Upwork has recently changed their policy and it seemed like they’re accepting more jobs than they are freelancers at the moment and it’s getting on everyone’s nerves. It’s incredibly frustrating for those who are looking to get a job on Upwork or as a freelancer in general. Here’s how I got to top rated in a year!
Misoprostol to buy in canada DISCLAIMER: I’m not sponsored by Upwork and there will be a rant coming about the platform in the future. Don’t get me wrong – there are plenty of things I absolutely despise about it, but hey, that’s how it is with any job you’ll ever have. Pick your battles. 🙂
Regardless of what you hear about the site that takes away 20% of your money for their own fees, Upwork is a good starting point in your freelance career – it’ll help you build your portfolio, drive traffic to your website, and you’ll be able to make connections outside of it.
Your profile isn’t that important later on (trust me, rare few people will actually check it), but it’s important when you’re just starting out. Check out the top-rated freelancers in your niche and copy what they’re doing. Not word-by-word, of course, but adapt it to your own services.
Upwork optimized profile action plan:
- Search for top-rated freelancers in your niche
- Adapt their profile to yours
- Organize your portfolio
A note on the starting rate:
I got yelled at before because I advised people to stick to jobs that pay low for a while (you need to have a steady income outside of Upwork at this point) so you can gain good feedback score and more jobs later. I still believe in this, but, of course, this is just one way of doing it.
If you’re a writer, you’ll find tons of offers that will be more than happy to pay super low rates in exchange for good feedback. Start there. Work. Get good feedback. Get more good feedback. Raise your rates.
In the words of Gary Vaynerchuk – eat sh*t for the first few months and work to get where you want to go. I do think it’s important to “charge higher because you’re worth more” but it’ll take for FOREVER to find that one client – you could find hundreds of clients for a lower rate in the meantime, but of course, this choice is yours.
If you have a developed portfolio and have been in the business long enough, you might have a shot at finding clients that will pay a higher rate, but mind you, it could take a few weeks of sending out thousand of proposals before you do – if you can afford that, go for it. But those ‘Upwork business coaches’ that are telling you ‘you don’t have to lower your rates to get your first job on Upwork’ are 90% lying to you. Sorry – this doesn’t work on this platform.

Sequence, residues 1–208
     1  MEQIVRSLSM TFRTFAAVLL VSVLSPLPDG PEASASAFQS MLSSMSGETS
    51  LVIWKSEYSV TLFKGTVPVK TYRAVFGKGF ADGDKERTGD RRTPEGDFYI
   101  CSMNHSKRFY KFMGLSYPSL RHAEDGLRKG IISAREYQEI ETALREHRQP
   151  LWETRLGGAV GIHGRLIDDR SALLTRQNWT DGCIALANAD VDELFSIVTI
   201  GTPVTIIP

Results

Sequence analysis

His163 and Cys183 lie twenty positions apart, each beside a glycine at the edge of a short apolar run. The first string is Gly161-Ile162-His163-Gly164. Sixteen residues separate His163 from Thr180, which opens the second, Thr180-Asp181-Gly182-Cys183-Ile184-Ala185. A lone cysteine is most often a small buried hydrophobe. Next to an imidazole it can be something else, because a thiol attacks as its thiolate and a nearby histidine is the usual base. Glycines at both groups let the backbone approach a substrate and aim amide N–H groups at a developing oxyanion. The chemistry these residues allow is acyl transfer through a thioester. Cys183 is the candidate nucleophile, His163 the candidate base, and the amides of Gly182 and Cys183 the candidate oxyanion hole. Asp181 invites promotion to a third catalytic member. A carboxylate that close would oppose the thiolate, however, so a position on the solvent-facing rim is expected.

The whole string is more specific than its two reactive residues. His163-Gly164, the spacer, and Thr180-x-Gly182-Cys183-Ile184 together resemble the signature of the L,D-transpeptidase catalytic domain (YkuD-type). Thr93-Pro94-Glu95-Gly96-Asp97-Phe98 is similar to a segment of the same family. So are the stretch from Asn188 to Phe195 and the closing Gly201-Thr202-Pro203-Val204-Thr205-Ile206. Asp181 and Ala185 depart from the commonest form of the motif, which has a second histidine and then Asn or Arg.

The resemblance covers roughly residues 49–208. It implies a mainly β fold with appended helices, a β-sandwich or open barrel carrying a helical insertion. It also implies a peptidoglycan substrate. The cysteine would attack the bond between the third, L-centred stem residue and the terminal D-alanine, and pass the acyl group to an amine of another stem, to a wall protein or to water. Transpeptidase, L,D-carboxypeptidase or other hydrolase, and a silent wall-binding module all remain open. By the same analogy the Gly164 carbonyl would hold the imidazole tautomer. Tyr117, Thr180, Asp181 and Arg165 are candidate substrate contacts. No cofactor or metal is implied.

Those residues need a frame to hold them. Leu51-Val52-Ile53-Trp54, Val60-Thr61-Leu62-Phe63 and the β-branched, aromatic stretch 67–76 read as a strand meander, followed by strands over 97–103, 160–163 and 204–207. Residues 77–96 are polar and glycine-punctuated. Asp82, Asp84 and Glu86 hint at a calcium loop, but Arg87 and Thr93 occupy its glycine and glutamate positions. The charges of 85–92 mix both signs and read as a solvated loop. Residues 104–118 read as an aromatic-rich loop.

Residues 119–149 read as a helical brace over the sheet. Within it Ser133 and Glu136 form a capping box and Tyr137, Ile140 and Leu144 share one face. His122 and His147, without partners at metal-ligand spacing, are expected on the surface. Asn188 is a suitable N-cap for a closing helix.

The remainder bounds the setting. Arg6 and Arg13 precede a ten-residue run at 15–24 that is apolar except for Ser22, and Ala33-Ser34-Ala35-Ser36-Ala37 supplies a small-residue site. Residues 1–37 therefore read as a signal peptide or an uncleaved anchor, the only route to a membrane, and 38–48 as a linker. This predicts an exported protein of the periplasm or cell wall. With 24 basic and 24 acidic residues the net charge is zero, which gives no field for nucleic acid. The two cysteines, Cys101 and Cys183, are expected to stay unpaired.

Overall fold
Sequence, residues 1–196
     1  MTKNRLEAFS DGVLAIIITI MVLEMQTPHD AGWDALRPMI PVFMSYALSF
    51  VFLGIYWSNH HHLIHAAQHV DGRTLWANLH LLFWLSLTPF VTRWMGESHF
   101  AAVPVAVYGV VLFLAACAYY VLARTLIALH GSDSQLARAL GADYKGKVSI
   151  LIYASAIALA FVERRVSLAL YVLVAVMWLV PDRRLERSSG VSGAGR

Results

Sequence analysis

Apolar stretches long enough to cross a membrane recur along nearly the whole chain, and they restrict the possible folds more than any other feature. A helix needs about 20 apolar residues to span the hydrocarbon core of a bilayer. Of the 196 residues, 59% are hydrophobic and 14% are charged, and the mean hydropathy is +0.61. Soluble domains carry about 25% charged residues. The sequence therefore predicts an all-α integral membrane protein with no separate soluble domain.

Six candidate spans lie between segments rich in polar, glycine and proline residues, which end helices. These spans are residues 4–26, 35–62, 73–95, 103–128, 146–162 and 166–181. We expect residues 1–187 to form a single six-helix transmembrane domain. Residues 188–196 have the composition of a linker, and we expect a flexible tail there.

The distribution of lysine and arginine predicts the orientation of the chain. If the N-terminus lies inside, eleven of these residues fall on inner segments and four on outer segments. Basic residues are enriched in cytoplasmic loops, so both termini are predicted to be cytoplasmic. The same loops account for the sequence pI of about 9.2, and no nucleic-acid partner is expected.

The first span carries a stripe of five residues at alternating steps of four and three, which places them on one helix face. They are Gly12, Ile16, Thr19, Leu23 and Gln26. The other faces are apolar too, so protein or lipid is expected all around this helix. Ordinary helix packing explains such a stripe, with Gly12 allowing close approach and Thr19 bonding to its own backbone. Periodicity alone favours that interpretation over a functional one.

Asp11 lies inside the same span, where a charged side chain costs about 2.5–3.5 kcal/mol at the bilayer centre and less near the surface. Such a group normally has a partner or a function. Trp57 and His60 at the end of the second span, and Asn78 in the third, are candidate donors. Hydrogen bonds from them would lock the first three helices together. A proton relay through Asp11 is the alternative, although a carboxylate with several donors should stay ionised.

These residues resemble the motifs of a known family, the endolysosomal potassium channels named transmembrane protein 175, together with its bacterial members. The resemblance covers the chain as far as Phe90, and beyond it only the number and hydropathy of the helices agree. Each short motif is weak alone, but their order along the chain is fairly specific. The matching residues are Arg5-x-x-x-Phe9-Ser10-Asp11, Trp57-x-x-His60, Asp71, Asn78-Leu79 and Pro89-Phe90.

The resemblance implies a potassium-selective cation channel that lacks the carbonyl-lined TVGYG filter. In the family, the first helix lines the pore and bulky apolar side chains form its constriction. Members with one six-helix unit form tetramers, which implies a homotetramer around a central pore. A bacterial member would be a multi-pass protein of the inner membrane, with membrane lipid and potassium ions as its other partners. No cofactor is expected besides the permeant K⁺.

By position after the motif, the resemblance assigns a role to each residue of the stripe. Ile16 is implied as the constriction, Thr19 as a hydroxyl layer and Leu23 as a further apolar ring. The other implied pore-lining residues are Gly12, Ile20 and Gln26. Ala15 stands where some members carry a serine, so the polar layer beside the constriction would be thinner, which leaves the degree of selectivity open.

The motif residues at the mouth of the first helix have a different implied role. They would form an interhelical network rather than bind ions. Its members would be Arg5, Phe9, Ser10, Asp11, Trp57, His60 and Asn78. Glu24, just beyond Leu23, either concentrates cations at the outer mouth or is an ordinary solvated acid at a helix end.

Sending out proposals
Just like any other job, you’ll have to send a bunch of proposals before getting your first client.
Here’s why it’s good to do that, regardless if you’re actually interested in that job:
- It’ll help get you traffic to your portfolio / website (always include it in your cover letter. ALWAYS)
- You’ll practice nailing that cover letter for future jobs.
- You’ll learn to write cover letters faster (always cater them to the job you’re applying for) and get noticed quicker.
The best thing to do is subscribe to the job keywords you’re after and just apply apply apply. If you’re in the writing niche, you’ll find out there are a couple of clients out there that will be open to hiring brand new freelancers. Their offered wage probably sucks, but the rate shouldn’t be your main concern at this point.
Sending out proposals action plan:
- ALWAYS include your portfolio (and if you don’t have it, make it).
- Send out 20 proposals.
- Send out 20 more.
- Ask for a Skype interview ASAP.
On that note, you’ll have to work. Hard. Especially if you want Upwork to be your main source of income (which I wouldn’t recommend, but hey, I’m not the one to judge).
Working hard and working for our clients instead of the money (cause let’s be honest, the money sucks) will help you get future referrals.
One of my very first feedbacks was a super negative one and I really wanted to cancel my profile and start a new one. I’m so happy I stuck to it!
Working hard action plan:
- Just do it.
- Don’t complain for a year.
- Keep working hard and better things will come.
A few more tips on how to start out:
- Focus on short projects to get quick feedback.
- Forget about rates for at least a few months (if you’re a brand new freelancer).
- Arrange a Skype call as soon as possible.
- Respect your client’s deadlines.
- Don’t be scared to negotiate your fee (new clients don’t understand that Upwork takes 20% of a freelancer’s fee).
- Don’t talk about receiving a payment outside of the platform – you and your client will get banned.
What I personally learned about Upwork:
- Your feedback score means everything.
- Never, ever, rely JUST on Upwork for your freelance career -> subscribe to my freelance jobs newsletter and start receiving weekly emails in your inbox!
- Your clients will want to overwork you.
- Don’t get angry – rates will be ridiculously low. Remember you’re also in the same pond as people from countries where they can actually make a living from these rates. They weren’t meant for you so let them go.
- Upwork tends to put the clients first. You’ll lose a lot of battles because of dishonesty.
The bottom line is to not give up. If I stopped using Upwork after that first initial bad review I received, I’d never get to where I am today. I love being paid weekly, I love knowing exactly how much money I’m getting and I love working on a variety of things. I guess there’s a plus side to the platform that everyone seems to hate.
Upwork action plan:
- Do everything above.
- Don’t complain – hustle.
- Low rates aren’t meant for you.
- Work hard for a year and watch as you’ll never have to apply for any job again – I get 10 invitations every single day!